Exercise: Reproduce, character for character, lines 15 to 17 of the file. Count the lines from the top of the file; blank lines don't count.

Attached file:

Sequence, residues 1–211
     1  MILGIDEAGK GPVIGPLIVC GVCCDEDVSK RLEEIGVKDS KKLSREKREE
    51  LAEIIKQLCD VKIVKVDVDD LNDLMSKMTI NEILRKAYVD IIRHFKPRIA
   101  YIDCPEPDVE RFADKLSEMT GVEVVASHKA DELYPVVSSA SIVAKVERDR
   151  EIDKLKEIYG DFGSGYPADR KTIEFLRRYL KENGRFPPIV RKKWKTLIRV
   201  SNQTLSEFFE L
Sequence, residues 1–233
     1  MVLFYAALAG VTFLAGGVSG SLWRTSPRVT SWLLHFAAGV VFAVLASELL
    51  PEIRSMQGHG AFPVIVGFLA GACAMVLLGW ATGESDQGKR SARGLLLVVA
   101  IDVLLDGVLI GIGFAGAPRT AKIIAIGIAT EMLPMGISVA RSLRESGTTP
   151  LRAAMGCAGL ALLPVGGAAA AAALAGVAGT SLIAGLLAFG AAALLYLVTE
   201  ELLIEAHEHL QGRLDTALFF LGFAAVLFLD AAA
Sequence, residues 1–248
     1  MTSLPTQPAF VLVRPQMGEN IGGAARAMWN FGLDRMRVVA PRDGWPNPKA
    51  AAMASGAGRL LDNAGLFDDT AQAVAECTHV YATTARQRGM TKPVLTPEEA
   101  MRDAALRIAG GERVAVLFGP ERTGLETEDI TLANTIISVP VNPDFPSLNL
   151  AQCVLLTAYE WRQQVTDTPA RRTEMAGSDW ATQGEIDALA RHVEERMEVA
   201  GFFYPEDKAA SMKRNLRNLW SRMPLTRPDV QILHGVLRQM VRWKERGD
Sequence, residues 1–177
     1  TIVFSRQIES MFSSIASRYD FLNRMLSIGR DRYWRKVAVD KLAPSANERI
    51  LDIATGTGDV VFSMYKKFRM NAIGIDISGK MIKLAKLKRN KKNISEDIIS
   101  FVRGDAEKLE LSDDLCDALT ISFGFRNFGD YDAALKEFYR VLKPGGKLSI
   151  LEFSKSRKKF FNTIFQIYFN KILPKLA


    51  AAMASGAGRL LDNAGLFDDT AQAVAECTHV YATTARQRGM TKPVLTPEEA
   101  MRDAALRIAG GERVAVLFGP ERTGLETEDI TLANTIISVP VNPDFPSLNL
   151  AQCVLLTAYE WRQQVTDTPA RRTEMAGSDW ATQGEIDALA RHVEERMEVA